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UBC Theses and Dissertations

Next generation sequencing to determine a genetic cause of familial intracranial aneurysms Hitchcock, Emma Catherine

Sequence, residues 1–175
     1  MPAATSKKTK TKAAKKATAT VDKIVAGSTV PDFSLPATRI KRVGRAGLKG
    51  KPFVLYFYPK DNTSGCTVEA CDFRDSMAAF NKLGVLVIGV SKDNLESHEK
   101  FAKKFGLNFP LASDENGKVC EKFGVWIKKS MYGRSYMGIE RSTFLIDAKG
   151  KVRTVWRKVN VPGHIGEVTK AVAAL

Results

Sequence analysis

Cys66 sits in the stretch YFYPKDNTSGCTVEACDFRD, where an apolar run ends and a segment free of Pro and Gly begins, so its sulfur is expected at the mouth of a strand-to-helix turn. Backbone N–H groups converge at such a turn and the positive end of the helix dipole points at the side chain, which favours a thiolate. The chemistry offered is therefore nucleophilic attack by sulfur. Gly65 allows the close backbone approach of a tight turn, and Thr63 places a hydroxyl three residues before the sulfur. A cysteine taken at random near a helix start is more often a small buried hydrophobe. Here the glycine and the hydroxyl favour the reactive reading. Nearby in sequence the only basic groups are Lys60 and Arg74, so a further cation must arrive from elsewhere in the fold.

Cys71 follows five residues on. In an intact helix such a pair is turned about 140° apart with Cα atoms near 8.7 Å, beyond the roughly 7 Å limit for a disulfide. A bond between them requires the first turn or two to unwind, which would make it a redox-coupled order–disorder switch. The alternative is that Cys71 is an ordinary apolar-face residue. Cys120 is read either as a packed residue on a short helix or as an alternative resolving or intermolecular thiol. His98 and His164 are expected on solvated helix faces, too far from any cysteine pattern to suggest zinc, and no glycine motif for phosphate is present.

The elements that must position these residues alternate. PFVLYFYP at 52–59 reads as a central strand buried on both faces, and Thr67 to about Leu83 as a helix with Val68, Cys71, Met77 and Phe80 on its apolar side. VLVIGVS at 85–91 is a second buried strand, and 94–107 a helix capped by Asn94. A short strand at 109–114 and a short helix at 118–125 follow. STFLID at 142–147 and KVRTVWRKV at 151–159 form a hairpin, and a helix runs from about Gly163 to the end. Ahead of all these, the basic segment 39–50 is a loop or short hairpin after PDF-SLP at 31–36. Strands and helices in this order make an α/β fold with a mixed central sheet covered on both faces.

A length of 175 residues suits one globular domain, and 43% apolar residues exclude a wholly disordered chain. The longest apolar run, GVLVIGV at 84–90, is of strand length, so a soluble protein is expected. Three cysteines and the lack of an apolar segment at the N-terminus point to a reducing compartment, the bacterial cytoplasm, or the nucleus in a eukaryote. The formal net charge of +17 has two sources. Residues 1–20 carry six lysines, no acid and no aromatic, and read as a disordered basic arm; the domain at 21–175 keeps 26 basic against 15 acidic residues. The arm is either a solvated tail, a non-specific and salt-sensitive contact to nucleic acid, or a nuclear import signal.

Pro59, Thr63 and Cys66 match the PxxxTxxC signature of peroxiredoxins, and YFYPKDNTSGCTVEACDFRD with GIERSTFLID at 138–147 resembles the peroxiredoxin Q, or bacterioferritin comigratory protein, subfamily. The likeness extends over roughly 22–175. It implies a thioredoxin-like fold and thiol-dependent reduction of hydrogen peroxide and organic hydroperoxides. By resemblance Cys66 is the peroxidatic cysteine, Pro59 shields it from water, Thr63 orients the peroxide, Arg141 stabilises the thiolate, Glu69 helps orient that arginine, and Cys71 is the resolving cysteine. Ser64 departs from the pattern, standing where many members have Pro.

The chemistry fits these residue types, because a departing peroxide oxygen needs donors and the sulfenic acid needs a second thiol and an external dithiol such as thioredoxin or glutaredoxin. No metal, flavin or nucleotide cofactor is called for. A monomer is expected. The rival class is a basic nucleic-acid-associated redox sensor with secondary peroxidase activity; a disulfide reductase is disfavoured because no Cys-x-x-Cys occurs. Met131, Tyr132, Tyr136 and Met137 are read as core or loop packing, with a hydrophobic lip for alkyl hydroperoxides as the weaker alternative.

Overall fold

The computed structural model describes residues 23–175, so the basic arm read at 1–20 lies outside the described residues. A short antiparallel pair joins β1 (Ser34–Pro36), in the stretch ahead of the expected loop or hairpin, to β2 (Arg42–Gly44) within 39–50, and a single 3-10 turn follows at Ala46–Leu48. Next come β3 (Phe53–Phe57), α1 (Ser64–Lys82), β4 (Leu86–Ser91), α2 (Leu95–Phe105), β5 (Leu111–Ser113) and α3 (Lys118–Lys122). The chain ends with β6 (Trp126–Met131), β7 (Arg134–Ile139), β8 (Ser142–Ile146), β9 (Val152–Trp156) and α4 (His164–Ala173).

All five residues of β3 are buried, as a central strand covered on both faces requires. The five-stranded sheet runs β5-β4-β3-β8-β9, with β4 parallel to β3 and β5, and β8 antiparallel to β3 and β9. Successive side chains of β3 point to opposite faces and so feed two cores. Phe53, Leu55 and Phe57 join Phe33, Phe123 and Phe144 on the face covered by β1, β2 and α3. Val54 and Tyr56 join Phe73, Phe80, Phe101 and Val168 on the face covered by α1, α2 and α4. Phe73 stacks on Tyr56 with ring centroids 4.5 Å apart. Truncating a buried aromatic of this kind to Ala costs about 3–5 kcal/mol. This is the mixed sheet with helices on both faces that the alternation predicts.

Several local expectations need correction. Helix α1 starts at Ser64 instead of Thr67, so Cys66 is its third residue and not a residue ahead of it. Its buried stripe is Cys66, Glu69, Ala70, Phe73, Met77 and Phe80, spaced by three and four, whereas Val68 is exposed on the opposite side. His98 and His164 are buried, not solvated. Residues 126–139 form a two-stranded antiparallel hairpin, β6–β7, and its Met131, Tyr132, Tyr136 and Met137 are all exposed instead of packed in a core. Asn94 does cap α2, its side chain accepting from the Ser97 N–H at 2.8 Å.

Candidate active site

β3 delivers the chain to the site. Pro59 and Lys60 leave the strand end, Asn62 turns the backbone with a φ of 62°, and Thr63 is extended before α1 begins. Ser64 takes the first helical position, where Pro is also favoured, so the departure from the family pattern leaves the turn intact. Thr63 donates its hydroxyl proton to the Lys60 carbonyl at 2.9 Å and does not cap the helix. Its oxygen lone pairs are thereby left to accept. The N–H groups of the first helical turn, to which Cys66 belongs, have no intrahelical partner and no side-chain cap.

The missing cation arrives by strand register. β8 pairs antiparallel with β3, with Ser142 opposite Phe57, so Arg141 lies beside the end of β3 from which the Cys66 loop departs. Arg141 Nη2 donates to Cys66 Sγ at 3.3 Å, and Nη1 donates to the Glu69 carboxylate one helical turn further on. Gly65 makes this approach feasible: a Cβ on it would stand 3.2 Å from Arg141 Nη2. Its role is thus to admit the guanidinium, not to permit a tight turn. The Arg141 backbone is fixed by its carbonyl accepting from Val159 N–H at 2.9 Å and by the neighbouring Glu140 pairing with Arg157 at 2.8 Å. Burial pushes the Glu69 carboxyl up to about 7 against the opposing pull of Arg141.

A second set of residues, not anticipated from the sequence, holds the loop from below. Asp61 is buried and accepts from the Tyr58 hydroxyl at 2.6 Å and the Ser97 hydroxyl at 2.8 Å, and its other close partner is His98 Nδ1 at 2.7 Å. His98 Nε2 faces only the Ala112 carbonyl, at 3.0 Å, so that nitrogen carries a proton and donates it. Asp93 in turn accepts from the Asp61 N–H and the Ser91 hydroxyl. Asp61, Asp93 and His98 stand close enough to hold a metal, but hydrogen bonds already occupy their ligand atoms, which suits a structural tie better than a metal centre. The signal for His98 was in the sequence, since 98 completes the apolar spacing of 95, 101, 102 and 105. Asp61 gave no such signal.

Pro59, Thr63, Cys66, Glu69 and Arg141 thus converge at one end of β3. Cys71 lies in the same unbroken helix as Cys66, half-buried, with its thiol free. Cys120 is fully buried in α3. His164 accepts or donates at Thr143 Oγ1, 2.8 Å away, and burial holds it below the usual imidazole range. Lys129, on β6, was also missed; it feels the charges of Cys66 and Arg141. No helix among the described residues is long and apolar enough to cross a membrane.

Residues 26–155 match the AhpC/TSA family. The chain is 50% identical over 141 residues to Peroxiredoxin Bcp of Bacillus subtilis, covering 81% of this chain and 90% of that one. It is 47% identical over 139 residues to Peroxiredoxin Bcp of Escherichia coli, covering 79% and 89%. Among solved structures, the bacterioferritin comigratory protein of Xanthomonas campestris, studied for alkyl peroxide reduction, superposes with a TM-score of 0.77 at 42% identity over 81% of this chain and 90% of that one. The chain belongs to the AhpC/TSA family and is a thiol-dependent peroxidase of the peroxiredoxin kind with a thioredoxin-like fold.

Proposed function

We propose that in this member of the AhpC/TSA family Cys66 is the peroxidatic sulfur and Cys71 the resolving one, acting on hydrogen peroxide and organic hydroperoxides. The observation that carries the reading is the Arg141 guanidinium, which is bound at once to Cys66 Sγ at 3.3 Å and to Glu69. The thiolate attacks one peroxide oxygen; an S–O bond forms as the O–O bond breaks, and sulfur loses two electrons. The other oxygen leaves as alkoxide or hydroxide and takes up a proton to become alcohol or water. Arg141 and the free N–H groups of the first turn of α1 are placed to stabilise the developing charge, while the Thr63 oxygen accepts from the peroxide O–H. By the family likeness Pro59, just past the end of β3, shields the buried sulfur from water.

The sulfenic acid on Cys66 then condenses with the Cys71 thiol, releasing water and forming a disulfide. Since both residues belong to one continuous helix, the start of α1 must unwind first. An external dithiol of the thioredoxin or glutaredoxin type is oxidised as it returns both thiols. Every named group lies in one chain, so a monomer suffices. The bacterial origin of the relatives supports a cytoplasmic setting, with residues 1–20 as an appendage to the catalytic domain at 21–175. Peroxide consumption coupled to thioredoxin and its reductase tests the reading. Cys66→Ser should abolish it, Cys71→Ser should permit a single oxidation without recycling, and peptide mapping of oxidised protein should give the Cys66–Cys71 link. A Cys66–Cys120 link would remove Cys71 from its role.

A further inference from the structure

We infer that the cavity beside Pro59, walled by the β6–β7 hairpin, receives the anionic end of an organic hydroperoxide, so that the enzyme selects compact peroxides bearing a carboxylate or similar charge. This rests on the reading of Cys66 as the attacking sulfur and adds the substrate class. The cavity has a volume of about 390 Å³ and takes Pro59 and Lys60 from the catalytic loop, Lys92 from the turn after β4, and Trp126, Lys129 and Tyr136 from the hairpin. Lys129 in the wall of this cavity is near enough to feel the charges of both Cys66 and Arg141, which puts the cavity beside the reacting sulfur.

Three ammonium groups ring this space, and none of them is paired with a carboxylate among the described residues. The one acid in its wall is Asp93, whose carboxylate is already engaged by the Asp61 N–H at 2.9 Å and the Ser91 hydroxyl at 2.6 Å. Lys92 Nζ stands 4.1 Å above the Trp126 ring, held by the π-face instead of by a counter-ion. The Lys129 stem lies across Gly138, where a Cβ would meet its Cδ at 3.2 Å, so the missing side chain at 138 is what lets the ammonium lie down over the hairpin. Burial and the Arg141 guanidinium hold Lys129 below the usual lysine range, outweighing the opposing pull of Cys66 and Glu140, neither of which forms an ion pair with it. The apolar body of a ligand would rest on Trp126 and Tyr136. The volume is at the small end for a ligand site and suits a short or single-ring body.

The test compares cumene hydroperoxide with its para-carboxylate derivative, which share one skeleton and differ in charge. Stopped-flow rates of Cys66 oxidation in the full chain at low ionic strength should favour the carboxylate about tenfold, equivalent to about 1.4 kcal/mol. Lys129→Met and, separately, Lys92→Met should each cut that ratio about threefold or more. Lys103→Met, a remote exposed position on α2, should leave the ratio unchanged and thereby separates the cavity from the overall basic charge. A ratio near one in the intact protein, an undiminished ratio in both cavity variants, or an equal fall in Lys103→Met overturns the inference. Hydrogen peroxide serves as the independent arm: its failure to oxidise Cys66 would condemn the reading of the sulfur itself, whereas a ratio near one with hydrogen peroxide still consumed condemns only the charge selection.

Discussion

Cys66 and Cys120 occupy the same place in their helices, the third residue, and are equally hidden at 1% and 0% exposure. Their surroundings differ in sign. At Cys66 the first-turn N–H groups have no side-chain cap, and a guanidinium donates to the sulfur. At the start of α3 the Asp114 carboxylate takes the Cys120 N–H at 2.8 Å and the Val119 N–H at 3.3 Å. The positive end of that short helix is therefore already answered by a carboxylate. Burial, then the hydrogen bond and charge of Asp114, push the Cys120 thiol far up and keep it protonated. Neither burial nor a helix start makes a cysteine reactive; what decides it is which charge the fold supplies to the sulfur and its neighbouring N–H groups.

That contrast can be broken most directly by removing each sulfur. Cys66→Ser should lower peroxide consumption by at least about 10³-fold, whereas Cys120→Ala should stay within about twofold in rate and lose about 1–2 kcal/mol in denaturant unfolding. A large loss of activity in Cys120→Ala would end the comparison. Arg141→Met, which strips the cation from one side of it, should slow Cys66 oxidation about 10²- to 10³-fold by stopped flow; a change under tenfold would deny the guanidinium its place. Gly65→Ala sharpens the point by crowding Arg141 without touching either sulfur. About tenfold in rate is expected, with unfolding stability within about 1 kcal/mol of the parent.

Intracranial aneurysms (IA), a common disease that occurs when cerebral arteries weaken and expand, can lead to subarachnoid hemorrhage upon rupture. The prevalence of IA is estimated to be around 3% and is known to increase with age. A small subset of the patient population has a familial form IA, where two or more first- to third- degree relatives have IA. At this time, one gene, THSD1, has been associated with familial IA (FIA). Here we present the preliminary findings from whole exome sequencing on five families diagnosed with FIA. Each family appears to have Mendelian segregation of disease (autosomal dominant, autosomal recessive, or X-linked) and has had their aneurysms clinically confirmed through brain imaging. Sequencing data from the proband of each family was used to identify family-specific candidate genes and was overlapped between families to identify genes that contain rare, possibly pathogenic variants in three or more families. Four genes -- DST, CRIPAK, DNAH1, and TTN --were found to contain rare variants in four out of the five families. Three top candidate genes were selected based on gene function or previous association to cerebral vascular disease from 38 genes that contain rare variants in three out of the five families.

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